Psychological vulnerability

There are a number of educational variables that favor the development of a personal style, which in turn favors the appearance of obsessive compulsive disorder.

It seems clear that many people with OCD have observed models in their childhood or adolescence that offered behaviors, if not clinically obsessive-compulsive, that were very close. This learning effect is especially clear in obsessives with washing rituals.

We also know that another vulnerability variable is the difficulty making decisions and solving problems. This difficulty probably also has its origin many years ago and theorists also agree to explain it as a result of certain parenting patterns. In particular, of overprotective parents or excessively demanding parents. Both styles, although differently, could lead to people who never learned an effective method of deciding, to solve the problems inherent in life. As a result, his degree of doubt and hesitation has always been very high.

Throughout our education, we learn a series of great philosophical ideas that then serve to guide our lives. Ideas about ourselves, others and the world. We know that some of these beliefs could facilitate the appearance of OCD, such as the belief that people should have perfect control over their thoughts; In other words, we just have to think exactly what we want to think. Or what area studies call the concept thought-action fusion: a kind of magical or superstitious idea in which it is argued that between thinking and doing there are no differences.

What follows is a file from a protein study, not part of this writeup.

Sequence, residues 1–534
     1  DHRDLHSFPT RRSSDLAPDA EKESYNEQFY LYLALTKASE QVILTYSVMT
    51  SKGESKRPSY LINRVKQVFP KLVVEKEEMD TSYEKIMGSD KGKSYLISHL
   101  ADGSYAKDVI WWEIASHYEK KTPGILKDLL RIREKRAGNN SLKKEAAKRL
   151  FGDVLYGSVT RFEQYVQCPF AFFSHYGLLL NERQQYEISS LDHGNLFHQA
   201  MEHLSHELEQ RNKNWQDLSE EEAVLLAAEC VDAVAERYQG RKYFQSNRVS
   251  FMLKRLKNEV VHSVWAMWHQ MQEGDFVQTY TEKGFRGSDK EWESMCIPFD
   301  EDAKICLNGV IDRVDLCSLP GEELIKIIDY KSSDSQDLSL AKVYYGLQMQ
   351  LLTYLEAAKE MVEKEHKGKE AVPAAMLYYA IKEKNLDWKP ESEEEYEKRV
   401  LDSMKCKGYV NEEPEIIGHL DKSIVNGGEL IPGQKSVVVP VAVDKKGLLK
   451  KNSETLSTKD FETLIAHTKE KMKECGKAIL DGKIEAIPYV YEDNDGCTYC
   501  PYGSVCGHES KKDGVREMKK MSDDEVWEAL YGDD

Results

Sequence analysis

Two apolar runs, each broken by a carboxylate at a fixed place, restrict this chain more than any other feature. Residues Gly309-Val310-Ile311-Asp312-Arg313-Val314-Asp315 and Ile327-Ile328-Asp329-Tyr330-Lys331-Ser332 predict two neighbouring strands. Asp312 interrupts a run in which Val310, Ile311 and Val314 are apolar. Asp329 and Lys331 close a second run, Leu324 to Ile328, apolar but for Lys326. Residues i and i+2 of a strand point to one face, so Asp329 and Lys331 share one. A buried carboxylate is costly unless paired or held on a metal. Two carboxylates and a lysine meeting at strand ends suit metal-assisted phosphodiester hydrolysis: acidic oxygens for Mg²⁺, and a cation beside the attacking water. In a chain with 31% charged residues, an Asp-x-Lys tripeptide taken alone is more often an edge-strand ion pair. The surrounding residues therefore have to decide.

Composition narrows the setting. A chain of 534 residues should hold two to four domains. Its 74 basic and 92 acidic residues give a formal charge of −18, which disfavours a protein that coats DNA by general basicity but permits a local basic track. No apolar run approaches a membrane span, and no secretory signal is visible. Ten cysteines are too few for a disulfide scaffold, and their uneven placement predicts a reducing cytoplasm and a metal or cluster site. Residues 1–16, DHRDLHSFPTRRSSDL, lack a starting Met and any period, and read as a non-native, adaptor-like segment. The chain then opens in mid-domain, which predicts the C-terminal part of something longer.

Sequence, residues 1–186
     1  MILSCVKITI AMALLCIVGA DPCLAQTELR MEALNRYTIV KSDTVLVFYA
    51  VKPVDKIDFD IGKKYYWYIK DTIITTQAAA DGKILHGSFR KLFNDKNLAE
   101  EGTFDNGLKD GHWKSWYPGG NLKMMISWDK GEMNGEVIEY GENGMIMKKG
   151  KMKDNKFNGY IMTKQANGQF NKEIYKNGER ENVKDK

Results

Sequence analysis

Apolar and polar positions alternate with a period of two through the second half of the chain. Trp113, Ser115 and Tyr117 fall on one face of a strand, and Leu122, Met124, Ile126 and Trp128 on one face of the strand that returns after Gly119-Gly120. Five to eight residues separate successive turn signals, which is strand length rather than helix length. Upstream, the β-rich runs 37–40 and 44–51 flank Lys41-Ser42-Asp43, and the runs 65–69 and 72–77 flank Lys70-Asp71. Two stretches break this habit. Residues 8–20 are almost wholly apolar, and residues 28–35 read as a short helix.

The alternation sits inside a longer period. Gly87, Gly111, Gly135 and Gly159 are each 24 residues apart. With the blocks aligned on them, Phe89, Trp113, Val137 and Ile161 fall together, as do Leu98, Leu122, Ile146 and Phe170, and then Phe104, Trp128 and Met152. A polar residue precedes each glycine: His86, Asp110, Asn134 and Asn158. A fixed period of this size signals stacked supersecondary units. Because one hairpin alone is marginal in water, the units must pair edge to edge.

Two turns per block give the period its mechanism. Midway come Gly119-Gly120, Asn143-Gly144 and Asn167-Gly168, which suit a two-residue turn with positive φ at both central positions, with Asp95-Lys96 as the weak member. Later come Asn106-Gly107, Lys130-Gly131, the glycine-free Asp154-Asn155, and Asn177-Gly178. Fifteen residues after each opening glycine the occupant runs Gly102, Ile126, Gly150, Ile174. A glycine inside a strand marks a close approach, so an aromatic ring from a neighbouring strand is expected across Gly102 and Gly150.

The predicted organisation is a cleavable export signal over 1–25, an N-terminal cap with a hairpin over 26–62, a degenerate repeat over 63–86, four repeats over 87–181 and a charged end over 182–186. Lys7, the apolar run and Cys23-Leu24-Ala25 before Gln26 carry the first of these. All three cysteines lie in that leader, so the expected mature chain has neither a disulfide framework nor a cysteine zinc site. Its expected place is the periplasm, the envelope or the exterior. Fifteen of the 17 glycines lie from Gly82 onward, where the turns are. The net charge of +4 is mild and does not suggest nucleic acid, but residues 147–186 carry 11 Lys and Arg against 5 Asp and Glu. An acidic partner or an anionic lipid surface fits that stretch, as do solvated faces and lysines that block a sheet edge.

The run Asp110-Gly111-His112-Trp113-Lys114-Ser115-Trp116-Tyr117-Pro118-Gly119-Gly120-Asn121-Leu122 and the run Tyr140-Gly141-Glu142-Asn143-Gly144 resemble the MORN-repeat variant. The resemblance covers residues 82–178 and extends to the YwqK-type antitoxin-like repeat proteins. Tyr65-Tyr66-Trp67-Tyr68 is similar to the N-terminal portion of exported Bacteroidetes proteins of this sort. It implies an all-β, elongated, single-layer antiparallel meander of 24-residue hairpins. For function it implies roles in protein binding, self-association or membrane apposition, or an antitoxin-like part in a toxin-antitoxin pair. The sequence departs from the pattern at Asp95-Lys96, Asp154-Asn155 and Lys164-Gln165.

Also a moral system, rigid, with a marked line between what is right and what is wrong would enter this group of ideas. Often the people who develop OCD are very honest people, with a strict moral sense. The so-called "excessive responsibility", or ease to feel responsible for events in which one has little to do. It is not uncommon to find events sometimes in childhood and adolescence that made these people take prematurely responsible for circumstances that due to their age did not correspond to them: work in a family business, take care of young children, or have the obligation to get good grades because it was up to get a scholarship and the possibility to continue studying. High standards and perfectionism are also common.

Precipitating variables of obsessions

That a person has one or more vulnerability variables does not necessarily mean that he or she will suffer from OCD, but that it has more possibilities. For this to happen, it is necessary to combine other variables called precipitants. That is to say something much more concrete must happen and I acted as the initiator of the disorder. Sometimes that event may have been traumatic to a greater or lesser degree. However, more common than a traumatic event is that one day, without more, the person will slip into an intrusive thought that is disturbing. If we are not vulnerable, we will probably not give it importance and it will come in and out of our mind. But if we get scared, we feel guilty, we will believe it or interpret it as a personal anomaly, and try to eliminate thinking, the effect will be the inverse of the desired one and the thought will become more frequent and more difficult to reduce until it becomes a real obsession.